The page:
Who would have thought that most South Africans would pick the very first day of elections open to the whole population to vote? I don't think the IEC was prepared for the vast numbers of people who turned out to vote that Wednesday. The voting station at which I was deployed expected less than 3,000 voters over both days, yet in fact nearly 5,000 votes were cast that first day alone. At 7:15 p.m. we ran out of ballot papers. Since the polling stations had originally been scheduled to close at 7 p.m., the voters waiting outside refused to believe we had actually run out. It was too much of a coincidence. We must have selfishly hidden the papers so that we could go home. Hence the many very angry voters outside. The presiding officer and I went out to talk to the crowd, taking the political party agents with us and diffused things by allowing one person to come in to phone the IEC headquarters on behalf of the others, and then handing out letters giving them permission to come in any time the next day.
Overnight millions of ballot papers were printed, but an hour before opening, none had arrived at our station. So there we were at 6:30 in the morning walking down the kilometer-long queue which had already formed asking very patient voters to be even more patient. By the end of that second day the election officers had the voting procedure down to a fine art with an average of 100 people through every ten minutes. I spent most of my time doing voter education, assisting sightimpaired voters, explaining the difference between the national and provincial ballots and keeping tabs on the ballot boxes out of the corner of my eye.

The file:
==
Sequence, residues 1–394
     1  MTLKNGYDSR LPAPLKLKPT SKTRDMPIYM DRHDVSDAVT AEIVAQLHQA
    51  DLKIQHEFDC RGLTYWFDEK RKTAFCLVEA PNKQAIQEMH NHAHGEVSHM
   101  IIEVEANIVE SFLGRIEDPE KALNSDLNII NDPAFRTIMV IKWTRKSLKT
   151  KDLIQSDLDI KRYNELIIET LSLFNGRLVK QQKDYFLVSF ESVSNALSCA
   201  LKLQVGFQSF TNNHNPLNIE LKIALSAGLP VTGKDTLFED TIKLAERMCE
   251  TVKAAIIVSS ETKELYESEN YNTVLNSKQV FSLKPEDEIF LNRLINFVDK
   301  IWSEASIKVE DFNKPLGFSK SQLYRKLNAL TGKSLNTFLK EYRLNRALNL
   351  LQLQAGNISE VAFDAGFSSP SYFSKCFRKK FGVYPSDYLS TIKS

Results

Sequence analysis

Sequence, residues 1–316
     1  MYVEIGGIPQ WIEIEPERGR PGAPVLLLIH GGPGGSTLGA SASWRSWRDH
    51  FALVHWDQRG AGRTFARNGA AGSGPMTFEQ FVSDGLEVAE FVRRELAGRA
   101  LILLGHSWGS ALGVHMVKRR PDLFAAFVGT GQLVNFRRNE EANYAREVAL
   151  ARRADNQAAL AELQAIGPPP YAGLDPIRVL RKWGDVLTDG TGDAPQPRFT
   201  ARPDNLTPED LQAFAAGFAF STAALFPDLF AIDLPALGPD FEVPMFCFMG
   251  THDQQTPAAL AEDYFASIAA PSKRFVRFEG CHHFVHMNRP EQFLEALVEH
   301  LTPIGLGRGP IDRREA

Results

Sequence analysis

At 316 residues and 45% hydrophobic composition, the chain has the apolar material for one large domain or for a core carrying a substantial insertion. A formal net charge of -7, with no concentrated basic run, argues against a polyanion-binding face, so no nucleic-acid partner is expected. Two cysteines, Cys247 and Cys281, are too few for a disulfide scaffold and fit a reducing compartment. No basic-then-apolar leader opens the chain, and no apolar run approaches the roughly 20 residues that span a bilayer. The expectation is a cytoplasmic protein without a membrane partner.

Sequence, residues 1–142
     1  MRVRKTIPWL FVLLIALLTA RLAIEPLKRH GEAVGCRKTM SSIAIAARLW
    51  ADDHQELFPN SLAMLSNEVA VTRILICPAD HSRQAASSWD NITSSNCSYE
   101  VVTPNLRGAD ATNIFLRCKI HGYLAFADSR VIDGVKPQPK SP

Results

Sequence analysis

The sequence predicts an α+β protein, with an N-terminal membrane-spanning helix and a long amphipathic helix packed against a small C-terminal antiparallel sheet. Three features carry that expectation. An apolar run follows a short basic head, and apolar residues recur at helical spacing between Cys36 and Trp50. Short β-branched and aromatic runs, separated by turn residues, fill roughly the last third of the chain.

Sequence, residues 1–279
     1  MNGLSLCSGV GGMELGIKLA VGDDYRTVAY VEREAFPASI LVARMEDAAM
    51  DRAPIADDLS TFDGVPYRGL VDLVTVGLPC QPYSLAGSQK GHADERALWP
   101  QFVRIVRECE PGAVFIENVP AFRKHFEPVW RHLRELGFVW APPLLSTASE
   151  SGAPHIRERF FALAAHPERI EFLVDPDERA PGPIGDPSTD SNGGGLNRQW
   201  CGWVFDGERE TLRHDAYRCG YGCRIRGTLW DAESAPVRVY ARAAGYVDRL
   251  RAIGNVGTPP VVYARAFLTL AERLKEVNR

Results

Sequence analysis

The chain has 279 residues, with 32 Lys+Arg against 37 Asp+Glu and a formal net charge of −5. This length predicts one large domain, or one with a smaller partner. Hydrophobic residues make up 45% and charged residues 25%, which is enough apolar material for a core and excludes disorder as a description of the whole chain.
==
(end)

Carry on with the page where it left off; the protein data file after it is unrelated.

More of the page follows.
I am confident that the election process that I saw was free and fair. I am not so sure about the rest of the country. Natal/KwaZulu was particularly plagued by problems--polling stations opened late or not at all. Ballot boxes were not properly sealed. Ballot papers did not arrive.
Yet there were many bright signs among the problems. In some parts of the country people queued for three days to vote. The patience of voters was outstanding and for the first time in as long as I can remember, nobody was killed in political violence.
There were distinct problems with the organization of the election, but I think the IEC should be commended for what it achieved. What is important now is that a permanent body be instituted to plan our next democratic election in 1999. A body which will draw up a successful plan, train the necessary people and check the procedure with a fine-tooth comb so that the disastrous logistical errors which occurred this time around, cannot happen again.
Voter education must start now--in the workplace, at schools, in other public venues and particularly among the rural community in order that people may know their vote is secret and does make a difference in the governing of the country.
Assisting with the elections over the past weeks has been an absolutely incredible experience. People prayed, wept, sang and danced as they voted and I feel honoured that I could take part in that experience.
The last week in April gave back dignity to so many South Africans and is the first step towards ending the lifelong struggle for equality which so many have fought for. I need matchsticks to prop my eyelids open, and my feet hurt so badly that I hope I don't have to stand again in a long time, but it's a small price to pay for being a part of this joyously democratic occasion.